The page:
Laboratory Tests Confirm Excessive Lead Levels in 5 More Spray Paints Sold Online
The EcoWaste Coalition cautioned online shoppers from ordering a brand of imported spray paints containing extremely high concentrations of lead, a toxic chemical banned in paints under Philippine law.
Manufactured in China and sold by a local online seller, five variants of Automatic Spray Paint were found loaded with lead up to 212,000 parts per million (ppm), way above the 90 ppm total lead content limit, as reported in the group's AlerToxic last August 20.
“These spray paints with excessively high levels of lead are illegal to import, distribute and sell in the local market. Online shopping sites are not exempted. Those who profit from this unethical trade should cease and desist from marketing these hazardous products containing lead, a potent neurotoxin,” said Manny Calonzo, Adviser, EcoWaste Coalition.
“Consumers need to be protected against the continued sale of paint products with violative levels of lead. The authorities need to take stern measures to ensure that such hazardous products are no longer offered for sale in line with the basic right of consumers to be safeguarded against products posing hazards to health and life,” he added.
As confirmed by laboratory tests performed by SGS, a leading global testing company, the five variants submitted by the EcoWaste Coalition for confirmatory analysis failed the limit set under the country’s lead paint regulation.
According to the test results, the orange yellow, lemon yellow, grass green, Jialing red and grain yellow variants of Automatic Spray Paint had 212,000 ppm, 182,000 ppm, 55,900 ppm, 44,700 ppm and 4,950 ppm lead.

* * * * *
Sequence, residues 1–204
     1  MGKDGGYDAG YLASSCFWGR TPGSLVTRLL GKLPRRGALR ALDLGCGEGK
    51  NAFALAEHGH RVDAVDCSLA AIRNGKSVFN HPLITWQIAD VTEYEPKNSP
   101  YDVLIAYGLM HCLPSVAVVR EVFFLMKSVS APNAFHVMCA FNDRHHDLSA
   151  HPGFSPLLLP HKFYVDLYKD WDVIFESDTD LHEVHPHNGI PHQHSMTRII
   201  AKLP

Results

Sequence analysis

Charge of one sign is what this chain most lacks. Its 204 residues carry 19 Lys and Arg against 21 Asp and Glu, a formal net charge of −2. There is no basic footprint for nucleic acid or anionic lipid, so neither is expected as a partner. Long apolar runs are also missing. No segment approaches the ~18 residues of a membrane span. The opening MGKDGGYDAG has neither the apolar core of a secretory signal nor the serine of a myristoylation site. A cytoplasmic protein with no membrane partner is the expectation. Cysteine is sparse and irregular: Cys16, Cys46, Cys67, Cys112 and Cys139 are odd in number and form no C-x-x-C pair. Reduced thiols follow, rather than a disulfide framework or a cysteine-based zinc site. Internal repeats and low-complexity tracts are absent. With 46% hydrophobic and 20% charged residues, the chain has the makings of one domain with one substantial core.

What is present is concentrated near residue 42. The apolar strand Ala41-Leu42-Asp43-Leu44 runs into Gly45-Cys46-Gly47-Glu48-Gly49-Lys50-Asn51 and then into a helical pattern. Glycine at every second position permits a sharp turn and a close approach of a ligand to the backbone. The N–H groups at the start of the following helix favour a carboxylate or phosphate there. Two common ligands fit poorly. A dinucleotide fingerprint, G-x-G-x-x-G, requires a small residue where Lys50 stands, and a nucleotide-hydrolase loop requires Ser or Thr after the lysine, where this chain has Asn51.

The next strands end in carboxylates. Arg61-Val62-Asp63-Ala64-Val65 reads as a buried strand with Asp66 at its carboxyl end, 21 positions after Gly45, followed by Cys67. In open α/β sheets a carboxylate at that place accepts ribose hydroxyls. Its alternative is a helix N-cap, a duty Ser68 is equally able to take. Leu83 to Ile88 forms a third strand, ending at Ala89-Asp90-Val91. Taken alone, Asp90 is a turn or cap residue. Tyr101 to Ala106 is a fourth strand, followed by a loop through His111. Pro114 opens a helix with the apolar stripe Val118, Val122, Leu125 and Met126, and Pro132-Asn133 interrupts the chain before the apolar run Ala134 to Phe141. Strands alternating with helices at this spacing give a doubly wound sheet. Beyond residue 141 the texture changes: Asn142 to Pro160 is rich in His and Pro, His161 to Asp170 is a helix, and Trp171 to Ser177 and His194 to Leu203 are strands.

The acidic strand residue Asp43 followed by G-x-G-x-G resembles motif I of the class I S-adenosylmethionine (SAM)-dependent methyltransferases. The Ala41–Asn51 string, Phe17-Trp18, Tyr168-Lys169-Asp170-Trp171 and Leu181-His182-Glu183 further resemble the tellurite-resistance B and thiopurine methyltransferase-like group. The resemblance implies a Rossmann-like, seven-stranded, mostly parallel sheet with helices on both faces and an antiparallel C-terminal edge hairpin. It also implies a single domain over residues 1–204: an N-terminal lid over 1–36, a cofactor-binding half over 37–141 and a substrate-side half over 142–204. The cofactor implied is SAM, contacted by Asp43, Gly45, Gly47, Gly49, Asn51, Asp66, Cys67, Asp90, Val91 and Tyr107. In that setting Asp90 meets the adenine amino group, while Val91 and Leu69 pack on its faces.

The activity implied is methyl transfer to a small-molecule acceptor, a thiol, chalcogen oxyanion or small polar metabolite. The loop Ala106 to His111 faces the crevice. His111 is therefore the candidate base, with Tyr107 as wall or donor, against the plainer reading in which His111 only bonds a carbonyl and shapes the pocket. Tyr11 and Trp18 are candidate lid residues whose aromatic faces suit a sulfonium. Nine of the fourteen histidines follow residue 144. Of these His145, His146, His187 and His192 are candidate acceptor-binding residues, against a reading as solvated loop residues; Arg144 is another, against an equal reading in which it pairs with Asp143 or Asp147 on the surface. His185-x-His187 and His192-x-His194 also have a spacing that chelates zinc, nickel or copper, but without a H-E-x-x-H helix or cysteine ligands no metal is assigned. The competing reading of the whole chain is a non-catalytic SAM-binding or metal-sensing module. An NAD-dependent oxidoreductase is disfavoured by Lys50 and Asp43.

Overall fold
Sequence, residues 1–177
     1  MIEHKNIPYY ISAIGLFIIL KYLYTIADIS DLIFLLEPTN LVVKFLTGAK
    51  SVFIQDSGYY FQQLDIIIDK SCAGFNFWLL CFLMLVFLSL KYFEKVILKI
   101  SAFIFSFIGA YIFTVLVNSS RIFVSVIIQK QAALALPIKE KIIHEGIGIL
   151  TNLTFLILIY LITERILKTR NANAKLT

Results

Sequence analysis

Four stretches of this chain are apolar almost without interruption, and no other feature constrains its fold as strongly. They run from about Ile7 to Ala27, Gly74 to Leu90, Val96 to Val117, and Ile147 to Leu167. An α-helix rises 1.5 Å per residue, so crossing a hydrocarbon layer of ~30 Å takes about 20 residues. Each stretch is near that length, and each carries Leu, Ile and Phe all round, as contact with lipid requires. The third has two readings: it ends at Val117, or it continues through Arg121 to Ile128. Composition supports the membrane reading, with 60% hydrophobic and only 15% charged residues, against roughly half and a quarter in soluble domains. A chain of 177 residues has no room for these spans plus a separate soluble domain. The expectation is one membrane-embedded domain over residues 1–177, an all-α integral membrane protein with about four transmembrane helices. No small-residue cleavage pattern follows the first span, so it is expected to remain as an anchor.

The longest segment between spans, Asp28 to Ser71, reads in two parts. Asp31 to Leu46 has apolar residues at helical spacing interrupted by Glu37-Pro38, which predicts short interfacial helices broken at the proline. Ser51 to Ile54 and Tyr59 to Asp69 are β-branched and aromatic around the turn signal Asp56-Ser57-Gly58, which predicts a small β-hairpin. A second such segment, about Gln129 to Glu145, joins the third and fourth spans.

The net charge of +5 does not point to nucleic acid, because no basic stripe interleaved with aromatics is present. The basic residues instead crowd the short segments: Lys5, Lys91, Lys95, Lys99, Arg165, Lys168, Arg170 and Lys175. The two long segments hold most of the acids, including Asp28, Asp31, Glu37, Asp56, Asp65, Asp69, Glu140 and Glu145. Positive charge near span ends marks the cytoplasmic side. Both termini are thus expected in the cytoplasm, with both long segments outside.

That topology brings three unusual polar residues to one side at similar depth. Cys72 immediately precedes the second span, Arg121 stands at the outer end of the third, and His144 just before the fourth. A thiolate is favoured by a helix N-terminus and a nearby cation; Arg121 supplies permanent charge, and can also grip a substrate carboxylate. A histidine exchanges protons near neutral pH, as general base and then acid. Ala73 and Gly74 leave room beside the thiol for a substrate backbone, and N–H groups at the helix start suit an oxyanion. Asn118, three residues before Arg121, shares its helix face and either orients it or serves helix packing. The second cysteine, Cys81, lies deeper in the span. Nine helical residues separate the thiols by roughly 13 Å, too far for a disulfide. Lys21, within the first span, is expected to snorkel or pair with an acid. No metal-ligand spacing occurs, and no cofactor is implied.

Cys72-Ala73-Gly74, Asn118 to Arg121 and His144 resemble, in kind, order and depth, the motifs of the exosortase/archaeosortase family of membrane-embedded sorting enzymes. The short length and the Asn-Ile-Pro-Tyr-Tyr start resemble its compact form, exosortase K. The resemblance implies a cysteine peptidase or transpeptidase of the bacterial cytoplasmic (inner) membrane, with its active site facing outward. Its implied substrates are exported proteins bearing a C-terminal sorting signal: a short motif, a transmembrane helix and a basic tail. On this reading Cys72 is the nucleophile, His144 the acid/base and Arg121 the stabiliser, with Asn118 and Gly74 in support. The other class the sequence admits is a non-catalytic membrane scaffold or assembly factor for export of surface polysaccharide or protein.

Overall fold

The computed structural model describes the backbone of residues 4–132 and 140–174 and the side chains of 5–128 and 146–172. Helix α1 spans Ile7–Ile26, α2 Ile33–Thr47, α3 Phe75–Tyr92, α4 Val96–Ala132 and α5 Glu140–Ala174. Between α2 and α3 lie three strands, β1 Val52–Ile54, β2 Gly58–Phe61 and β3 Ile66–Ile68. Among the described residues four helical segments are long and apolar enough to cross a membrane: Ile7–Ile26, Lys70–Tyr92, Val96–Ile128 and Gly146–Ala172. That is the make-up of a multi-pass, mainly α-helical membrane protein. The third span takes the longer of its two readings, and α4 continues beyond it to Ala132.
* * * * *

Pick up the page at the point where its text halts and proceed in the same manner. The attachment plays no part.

DENR Administrative Order 2013-24, or the Chemical Control Order for Lead and Lead Compounds, limits maximum total lead content in paints at 90 ppm. The regulation also applies to paints sourced from abroad and sold locally.
This is not the first time that the EcoWaste Coalition had detected violative concentrations of lead in spray paints manufactured in other countries.
In 2020, the EcoWaste Coalition, in collaboration with the International Pollutants Elimination Network (IPEN), discovered 37 spray paints to be lead paints, or paints with lead content exceeding 90 ppm, of which 29 had dangerous lead concentrations surpassing 10,000 ppm.
A follow-up study in 2021 and released in 2022 also found 37 samples with lead above the 90 ppm, of which 30 had extremely high lead levels exceeding 10,000 ppm.
The ban on lead in all paints was imposed to protect children and other vulnerable groups from lead exposure, noting that lead in all its forms is highly toxic, especially to young children.
Health experts have warned that exposure to lead can seriously damage the brain. When a young child is exposed to lead, the harm to her or his developing brain and nervous system makes it more likely that the child will have difficulties in school and engage in impulsive and violent behavior.
Lead exposure in young children is also linked to increased rates of hyperactivity, inattentiveness, failure to graduate from high school, conduct disorder, juvenile delinquency, drug use and incarceration. Lead exposure impacts on children continue throughout life and have a long-term impact on a child’s work performance, and are related to decreased economic success.
"Effective enforcement of the country's ban on lead-containing paints will help in reducing childhood and occupational exposures to lead, a realizable public health goal," the EcoWaste Coalition said.